ATTGCCAATGGTGATGAC
Expression study
291-F2
CTCTCAACTGTGCTTCTGAAATTAC
3’ RACE PCR
291-R2
ATTGTAAACCAACTATCACCCACAT
5’ RACE PCR
357-F2
GGTATGATTATGACTAAAGCAGGAC
3’ RACE PCR
357-R2
GTCCTGCTTTAGTCATAATCATACC
5’ RACE PCR
788-F2
AGTTACGTGCCGGAAGAGTC
3’ RACE PCR
788-R2
TCGCACTTCTCTCCGTTAAGAC
5’ RACE PCR
153-F2
GGAGGGTGAACACAACTACACACT
3’ RACE PCR
153-R2 CTGCCTGAACACTGTGATGCTGG 5’ RACE PCR

[TableWrap ID: T2] Table 2 

GO functional classification of the unigene data set


  GO term Number of unigenes %
Biological Process
cellular process
899
68.0
 
metabolic process
672
50.8
 
biological regulation
379
28.6
 
regulation of biological process
356
26.9
 
localization
250
18.9
 
establishment of localization
232
17.5
 
developmental process
135
10.2
 
response to stimulus
126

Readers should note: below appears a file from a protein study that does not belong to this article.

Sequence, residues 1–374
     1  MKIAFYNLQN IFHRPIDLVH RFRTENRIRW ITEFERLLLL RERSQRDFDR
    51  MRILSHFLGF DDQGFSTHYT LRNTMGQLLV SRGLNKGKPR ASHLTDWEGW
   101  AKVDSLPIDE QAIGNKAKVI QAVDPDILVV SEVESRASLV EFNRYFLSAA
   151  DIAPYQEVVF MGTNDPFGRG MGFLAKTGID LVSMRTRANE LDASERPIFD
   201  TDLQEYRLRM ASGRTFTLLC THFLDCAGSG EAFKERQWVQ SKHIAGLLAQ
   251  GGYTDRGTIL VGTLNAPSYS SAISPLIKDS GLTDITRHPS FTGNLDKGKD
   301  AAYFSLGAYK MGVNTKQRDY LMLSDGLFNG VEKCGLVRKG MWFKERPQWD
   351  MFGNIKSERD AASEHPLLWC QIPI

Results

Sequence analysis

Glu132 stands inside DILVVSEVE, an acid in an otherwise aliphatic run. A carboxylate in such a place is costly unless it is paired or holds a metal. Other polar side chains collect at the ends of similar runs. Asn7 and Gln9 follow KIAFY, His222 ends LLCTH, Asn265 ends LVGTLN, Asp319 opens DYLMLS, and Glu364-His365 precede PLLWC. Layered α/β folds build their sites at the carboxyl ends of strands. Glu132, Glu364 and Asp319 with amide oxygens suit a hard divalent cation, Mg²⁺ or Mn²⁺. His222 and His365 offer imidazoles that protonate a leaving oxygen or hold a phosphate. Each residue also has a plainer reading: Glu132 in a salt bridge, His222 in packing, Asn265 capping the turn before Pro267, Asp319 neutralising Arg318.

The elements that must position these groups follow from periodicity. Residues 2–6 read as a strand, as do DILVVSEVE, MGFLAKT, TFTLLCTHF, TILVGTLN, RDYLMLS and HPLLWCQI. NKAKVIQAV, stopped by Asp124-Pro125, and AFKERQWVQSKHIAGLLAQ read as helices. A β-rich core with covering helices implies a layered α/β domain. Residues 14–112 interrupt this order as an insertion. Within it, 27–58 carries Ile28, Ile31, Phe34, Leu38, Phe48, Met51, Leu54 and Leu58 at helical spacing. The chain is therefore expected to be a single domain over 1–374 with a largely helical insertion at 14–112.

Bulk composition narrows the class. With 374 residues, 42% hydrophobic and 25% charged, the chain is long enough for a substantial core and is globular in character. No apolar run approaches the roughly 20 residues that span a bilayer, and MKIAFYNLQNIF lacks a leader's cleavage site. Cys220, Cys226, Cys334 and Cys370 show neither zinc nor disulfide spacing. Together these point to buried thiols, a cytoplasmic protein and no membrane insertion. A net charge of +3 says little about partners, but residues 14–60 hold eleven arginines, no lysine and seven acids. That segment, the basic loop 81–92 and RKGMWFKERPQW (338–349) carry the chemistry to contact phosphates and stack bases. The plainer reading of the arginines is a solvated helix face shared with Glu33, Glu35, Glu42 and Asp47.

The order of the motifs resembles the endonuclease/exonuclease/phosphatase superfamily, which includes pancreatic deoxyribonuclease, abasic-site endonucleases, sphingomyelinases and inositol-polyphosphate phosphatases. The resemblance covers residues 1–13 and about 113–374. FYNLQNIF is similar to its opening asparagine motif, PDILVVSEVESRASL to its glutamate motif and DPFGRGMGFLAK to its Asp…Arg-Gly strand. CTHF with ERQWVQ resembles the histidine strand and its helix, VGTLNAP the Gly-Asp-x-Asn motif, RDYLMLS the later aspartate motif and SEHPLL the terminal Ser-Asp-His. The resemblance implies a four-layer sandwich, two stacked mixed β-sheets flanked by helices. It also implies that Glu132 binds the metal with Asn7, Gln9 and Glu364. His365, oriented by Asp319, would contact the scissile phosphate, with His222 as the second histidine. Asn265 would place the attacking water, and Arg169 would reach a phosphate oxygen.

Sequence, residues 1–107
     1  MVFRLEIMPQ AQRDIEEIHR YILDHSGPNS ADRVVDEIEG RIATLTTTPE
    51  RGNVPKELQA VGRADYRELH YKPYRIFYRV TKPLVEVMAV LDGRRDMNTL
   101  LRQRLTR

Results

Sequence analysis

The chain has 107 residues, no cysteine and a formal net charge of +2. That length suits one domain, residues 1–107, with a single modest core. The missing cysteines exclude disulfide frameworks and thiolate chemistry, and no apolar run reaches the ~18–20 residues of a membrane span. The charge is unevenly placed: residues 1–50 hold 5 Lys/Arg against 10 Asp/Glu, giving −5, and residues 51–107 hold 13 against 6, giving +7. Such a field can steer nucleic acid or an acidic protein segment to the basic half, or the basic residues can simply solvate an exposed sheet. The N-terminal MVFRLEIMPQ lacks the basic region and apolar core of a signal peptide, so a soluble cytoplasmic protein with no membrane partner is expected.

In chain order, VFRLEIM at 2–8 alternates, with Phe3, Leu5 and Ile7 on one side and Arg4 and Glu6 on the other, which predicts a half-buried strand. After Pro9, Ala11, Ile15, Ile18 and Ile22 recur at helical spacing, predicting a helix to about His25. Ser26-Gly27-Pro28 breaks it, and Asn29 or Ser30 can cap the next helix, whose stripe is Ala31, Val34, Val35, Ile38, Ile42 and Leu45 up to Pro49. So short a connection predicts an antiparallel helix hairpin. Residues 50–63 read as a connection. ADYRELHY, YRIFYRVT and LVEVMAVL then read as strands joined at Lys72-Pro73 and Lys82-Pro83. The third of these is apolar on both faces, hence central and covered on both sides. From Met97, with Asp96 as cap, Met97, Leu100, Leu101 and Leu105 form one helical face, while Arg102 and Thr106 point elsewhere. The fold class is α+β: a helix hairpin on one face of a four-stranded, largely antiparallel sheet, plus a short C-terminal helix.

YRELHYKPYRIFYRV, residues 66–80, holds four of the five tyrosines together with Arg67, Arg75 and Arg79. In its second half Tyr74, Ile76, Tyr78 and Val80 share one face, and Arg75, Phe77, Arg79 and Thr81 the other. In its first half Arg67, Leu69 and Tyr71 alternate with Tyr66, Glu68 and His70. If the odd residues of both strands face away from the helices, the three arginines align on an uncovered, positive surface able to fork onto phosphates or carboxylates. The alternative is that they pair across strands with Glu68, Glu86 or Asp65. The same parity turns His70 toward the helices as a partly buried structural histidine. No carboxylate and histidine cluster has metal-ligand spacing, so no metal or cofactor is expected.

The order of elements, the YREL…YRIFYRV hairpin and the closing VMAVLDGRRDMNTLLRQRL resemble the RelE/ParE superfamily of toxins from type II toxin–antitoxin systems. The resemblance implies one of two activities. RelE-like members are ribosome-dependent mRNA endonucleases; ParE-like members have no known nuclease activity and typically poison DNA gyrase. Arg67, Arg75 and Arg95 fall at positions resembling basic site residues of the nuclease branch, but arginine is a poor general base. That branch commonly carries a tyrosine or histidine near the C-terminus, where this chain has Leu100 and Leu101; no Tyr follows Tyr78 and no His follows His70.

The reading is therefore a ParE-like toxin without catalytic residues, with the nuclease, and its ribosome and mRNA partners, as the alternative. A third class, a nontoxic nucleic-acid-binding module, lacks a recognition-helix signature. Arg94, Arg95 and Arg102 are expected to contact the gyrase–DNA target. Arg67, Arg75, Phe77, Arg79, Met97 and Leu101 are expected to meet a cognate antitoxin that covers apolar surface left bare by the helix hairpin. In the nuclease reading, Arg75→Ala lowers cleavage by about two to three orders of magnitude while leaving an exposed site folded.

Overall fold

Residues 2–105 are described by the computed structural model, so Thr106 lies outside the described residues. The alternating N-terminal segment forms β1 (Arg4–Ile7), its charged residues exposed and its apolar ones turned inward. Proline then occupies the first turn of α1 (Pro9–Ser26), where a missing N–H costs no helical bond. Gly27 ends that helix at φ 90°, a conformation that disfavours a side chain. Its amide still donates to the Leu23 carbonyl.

9.5
 
multicellular organismal process
100
7.6
 
positive regulation of biological process
80
6.0
 
anatomical structure formation
71
5.4
 
negative regulation of biological process
66
5.0
 
immune system process
53
4.0
 
multi-organism process
22
1.7
 
growth
18
1.4
 
biological adhesion
14
1.1
 
locomotion
14
1.1
 
reproduction
14
1.1
 
reproductive process
14
1.1
 
viral reproduction
4
0.3
Cellular Component
cell part
1084
81.9
 
cell
1084
81.9
 
organelle
733
55.4
 
macromolecular complex
402
30.4
 
organelle part
384
29.0
 
membrane-enclosed lumen
140
10.6
 
envelope
80
6.0
 
extracellular region
32
2.4
 
extracellular region part
12
0.9
 
synapse
6
0.5
 
synapse part
4
0.3
Molecular Function
binding
770
58.2
 
catalytic activity
440
33.3
 
structural molecule activity
77
5.8
 
transporter activity
70
5.3
 
transcription regulator activity
46
3.5
 
molecular transducer activity
46
3.5
 
enzyme regulator activity
30
2.3
 
translation regulator activity
29
2.2
 
electron carrier activity
11
0.8
  antioxidant activity 5 0.4

[TableWrap ID: T3] Table 3 

Unigenes annotated with the GO term immune system process